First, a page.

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Study: Students at Evangelical Colleges Experience ‘Unique Patterns’ of Spiritual Doubt

Study: Students at Evangelical Colleges Experience ‘Unique Patterns’ of Spiritual Doubt

For Christians, it’s normal to experience times of doubt and uncertainty. Almost everyone does. A 2017 Barna study found that two-thirds of American Christians have either experienced doubt in the past or were wrestling with it at the time. But new research from Christian Higher Education says that students who choose to attend evangelical colleges are more likely to experience spiritual struggles than their mainstream counterparts, or even students who attend mainline Christian colleges.

That’s according to the research of Jennifer Carter, an assistant professor of leadership at Southeastern University in Lakeland, Florida. She analyzed the surveys of 14,000 students at 136 colleges and universities and found students at evangelical colleges are more likely to be uncertain of their beliefs and disillusioned with their Christian upbringing than other students. They were also more likely to say they felt distant from or angry at God than other students.

More curiously, students at evangelical institutions tend to experience the opposite faith trajectory of other students. Students at most colleges and universities enter as freshman feeling uncertain about their spiritual beliefs, but report feeling more confident in them by the time they’re juniors. Students at evangelical colleges, on the other hand, go into college feeling settled in their beliefs but report more uncertainty by their junior year.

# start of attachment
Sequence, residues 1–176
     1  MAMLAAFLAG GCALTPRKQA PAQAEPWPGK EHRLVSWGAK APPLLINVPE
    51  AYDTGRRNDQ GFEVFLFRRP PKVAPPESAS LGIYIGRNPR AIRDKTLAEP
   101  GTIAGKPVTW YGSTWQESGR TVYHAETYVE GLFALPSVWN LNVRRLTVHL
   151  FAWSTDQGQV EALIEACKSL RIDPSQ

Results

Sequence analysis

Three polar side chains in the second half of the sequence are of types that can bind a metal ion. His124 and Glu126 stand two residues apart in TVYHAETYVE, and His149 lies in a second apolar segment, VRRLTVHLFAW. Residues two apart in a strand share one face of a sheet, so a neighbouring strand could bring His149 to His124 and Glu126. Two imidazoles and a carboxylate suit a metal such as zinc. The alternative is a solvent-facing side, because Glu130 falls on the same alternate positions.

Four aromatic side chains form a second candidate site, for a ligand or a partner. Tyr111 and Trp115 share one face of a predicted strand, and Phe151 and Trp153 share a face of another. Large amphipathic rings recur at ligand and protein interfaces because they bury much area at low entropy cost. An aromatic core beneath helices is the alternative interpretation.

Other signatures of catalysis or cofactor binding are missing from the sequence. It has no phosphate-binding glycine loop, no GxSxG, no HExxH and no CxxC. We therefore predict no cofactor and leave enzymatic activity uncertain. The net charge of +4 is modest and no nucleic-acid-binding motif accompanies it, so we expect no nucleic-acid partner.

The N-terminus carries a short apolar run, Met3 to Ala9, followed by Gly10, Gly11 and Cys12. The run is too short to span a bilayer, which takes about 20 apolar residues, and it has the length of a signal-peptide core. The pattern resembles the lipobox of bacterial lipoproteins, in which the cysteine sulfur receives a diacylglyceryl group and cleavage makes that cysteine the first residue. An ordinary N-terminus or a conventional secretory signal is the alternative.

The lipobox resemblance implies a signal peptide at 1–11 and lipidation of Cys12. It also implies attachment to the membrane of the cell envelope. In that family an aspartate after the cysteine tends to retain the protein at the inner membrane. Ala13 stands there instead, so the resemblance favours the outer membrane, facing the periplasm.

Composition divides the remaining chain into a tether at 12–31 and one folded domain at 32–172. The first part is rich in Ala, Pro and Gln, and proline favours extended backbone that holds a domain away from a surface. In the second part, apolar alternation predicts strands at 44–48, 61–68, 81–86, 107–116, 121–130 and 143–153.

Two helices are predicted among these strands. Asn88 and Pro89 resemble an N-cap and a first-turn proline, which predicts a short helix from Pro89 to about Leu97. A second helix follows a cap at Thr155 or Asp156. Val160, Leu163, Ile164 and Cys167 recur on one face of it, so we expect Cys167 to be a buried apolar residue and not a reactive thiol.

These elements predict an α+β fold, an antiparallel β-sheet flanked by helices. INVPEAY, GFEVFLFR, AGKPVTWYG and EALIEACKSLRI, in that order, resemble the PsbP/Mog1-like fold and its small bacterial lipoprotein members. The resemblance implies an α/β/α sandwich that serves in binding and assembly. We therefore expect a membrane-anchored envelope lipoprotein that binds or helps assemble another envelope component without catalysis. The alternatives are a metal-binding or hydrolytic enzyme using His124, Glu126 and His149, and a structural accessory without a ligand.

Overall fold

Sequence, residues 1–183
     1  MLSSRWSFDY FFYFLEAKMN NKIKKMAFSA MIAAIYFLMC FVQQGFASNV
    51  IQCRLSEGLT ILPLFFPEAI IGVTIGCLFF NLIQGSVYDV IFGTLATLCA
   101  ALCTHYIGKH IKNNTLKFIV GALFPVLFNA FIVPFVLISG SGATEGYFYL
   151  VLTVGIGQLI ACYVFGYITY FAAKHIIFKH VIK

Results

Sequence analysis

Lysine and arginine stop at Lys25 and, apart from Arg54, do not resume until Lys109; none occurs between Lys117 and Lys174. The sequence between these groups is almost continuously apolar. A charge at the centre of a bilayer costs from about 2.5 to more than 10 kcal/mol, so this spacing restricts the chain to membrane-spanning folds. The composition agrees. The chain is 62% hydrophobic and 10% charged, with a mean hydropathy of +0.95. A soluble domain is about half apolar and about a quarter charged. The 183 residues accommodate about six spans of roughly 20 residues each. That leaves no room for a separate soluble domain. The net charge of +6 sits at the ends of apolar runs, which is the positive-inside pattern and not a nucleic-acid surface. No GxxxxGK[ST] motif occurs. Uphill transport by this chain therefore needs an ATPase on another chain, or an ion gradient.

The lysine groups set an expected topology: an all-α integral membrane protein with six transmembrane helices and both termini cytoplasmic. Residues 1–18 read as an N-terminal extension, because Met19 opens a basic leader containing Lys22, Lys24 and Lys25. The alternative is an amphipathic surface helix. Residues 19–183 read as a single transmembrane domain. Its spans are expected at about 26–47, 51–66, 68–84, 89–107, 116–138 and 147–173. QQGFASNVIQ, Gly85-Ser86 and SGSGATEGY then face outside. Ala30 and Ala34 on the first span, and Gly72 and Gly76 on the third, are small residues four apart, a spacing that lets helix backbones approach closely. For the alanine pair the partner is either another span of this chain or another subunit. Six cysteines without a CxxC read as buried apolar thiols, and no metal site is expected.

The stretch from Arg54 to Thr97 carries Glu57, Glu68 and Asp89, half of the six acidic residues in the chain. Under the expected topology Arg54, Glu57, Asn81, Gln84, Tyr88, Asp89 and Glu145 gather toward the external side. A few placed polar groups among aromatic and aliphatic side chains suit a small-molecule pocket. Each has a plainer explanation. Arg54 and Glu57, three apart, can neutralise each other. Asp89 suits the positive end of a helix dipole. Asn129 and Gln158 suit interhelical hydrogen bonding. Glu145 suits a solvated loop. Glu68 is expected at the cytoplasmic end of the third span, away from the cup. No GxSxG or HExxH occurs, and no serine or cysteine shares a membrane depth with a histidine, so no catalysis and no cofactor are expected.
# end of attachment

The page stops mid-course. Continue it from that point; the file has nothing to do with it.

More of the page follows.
That doesn’t necessarily sound like good news but according to a few professors Carter spoke with, it may very well all be part of the plan. Some evangelical institutions deliberately challenge their students. Christianity Today spoke with Laurel Bunker, the associate vice president of Christian formation at Bethel University in St. Paul, Minnesota, who said that most faculty expect some sort of spiritual struggle from their students and are equipped to guide them through it. “We don’t fear the struggle,” Bunker said. “What we’re more concerned with is when students struggle in silence.”

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